As we’ve talked about throughout this guide, creating the right experience is incredibly important in growing a restaurant.
Just like a popup allows you to experiment with creating a new experience, you can achieve something similar while also building customer loyalty by holding exclusive dining events for members.
The goal here is to create special, exclusive experiences people rave about and look forward to attending.
If you have a smaller customer base, try what we talked about earlier and attach these events to the lowest membership tier, where anyone who signs up via email or phone number can join the fun. These types of events will really make members feel like they’re “in the club.”
If you’ve reached the point where inviting all would bring in more customers than you could handle in a single evening, move access to the event to the next tier of membership. Quarterly or bi-yearly events are the perfect VIP bonus for outstanding patrons.
58. Ask Your Customers to Vote Back an Old Dish
Every one of your customers has opinions about your menu.
And I can promise you they would LOVE to weigh-in and have some influence on the direction of that menu.
Providing opportunities for customers to interact with and influence your business is both a great promotion tool and a great way to build loyalty.
One of my favorite ways to do this is to invite customers to vote back an old dish.
If you already use limited-run menu items as a promotion tool — which I highly recommend — this becomes really easy and even systematic. You can periodically take previously run items and invite your customers to vote on what to bring back.
Attach this to the entry level of your loyalty program to motivate more people to signup, but only if you are doing it periodically.
If you don’t offer limited-run items, rummage around your old menus and look for dishes that were popular back in the day. It might even be somethin retro like fondue.
Then you can put a poll on social media and ask your customers to vote for their favorite dish from yesteryear.
This is a great way to get some online word-of-mouth marketing, and customers will feel more emotionally connected to your business after having the chance to influence a real, tangible decision you make for the restaurant.
59. Surprise Your Loyal Customers
There’s something really special about a surprise.
The vast majority of promotions you will run depend on the customer expecting them. The promotion only works when you create the expectation to then motivate an action by the customer.
And this is why adding in a completely unexpected surprise here and there can be so special.
There are a lot of ways you can do this:
- Throw in an unexpected free item on their 2nd delivery order through your website.
- You can send out a surprise gift on members’ birthdays.
- Walk up and say hi if you’ve noticed them come into the restaurant a few times and then comp their dessert.
- Throw a surprise “on the house” night where customers have an item from their order made free without forewarning.
You can do this sporadically, but if you can find a more systematic way to do this within your customers’ first few experiences with the restaurant, it can significantly increase loyalty.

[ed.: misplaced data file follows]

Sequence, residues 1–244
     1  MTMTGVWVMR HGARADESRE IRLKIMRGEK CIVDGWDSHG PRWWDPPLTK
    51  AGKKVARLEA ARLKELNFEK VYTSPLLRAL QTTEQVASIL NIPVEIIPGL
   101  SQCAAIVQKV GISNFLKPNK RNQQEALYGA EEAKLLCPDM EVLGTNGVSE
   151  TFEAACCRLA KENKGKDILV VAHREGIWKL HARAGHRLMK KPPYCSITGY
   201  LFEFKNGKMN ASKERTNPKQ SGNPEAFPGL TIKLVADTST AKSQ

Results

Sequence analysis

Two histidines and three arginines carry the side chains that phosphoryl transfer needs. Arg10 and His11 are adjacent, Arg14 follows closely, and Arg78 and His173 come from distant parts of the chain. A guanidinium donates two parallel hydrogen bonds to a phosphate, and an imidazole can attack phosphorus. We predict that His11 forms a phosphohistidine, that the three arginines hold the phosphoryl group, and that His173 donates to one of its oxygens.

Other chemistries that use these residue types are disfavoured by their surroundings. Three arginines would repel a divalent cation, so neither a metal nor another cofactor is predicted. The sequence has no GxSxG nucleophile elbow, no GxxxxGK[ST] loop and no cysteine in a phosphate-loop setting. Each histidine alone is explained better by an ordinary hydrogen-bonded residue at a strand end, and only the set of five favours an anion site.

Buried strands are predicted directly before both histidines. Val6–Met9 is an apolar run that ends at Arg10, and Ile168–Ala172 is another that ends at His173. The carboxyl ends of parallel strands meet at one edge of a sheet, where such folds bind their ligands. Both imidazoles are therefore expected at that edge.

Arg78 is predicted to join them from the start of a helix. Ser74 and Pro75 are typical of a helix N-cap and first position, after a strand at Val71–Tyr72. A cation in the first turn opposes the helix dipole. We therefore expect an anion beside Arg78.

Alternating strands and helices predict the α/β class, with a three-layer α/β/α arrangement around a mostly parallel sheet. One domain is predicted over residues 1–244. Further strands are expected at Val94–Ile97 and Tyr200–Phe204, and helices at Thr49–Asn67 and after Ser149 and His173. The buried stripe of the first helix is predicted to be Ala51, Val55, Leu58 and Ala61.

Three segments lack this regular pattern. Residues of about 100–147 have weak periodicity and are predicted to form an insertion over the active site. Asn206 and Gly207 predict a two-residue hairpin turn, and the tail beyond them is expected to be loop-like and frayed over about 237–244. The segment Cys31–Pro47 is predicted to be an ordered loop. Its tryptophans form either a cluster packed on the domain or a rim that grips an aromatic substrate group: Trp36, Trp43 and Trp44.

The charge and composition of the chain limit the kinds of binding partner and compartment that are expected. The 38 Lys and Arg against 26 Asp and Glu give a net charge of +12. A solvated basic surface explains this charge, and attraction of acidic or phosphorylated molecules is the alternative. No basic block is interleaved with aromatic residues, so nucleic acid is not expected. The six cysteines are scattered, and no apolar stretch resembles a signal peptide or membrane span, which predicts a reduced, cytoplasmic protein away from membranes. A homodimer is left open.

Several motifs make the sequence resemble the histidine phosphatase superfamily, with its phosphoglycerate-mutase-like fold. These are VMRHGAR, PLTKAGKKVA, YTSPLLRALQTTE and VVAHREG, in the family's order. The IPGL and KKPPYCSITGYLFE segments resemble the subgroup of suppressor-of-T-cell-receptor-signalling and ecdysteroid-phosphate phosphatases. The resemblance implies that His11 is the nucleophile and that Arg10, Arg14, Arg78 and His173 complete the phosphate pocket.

It’s important to make the surprise really obvious. If you are including free items in a delivery package, for example, wrap this item in a flier that says “Surprise” and explicitly explains they are being given a free item as a thank you.
60. Create A Website-Only Delivery Offer
One of the biggest problems restaurants face today is delivery commissions on 3rd party apps.
30% fees typically wipe out your margins, and even worse, the delivery companies steal your customer data rather than giving it to you, so you can’t even follow up with those customers and make the money back via repeat business.
This was the original reason we built Owner.com, which allows restaurants to do commission-free deliveries through their website, while still using 3rd party driver networks.
Yes, seriously, it’s as great as it sounds.
But whether you are using Owner.com or have set up direct-orders on your website via another method, getting people to actually use your website instead of the third party apps can be tricky.
We’ve found the best way to approach this is to offer incentives for direct orders.
When a new restaurant partner starts with us, we design and print out 1,000 fliers for them to package in deliveries prepared for 3rd party app orders. These fliers offer a discount to the recipient that can only be redeemed via the direct-order system.
Once they enter the restaurant’s website, we use a very smooth, sophisticated checkout experience to upsell them on additional items and get them into the restaurant’s loyalty program.
This is how we consistently turn 3rd-party app users into loyal, commission-free customers for our restaurant partners.
Our all-in-one-platform helps you take back control of your online presence, drive direct sales, save money on fees, and manage everything in one place. Schedule a demo to see the platform in action and discover why our new restaurant partners increase online sales by an average of 270% in their first three months using Owner.com.Schedule A Demo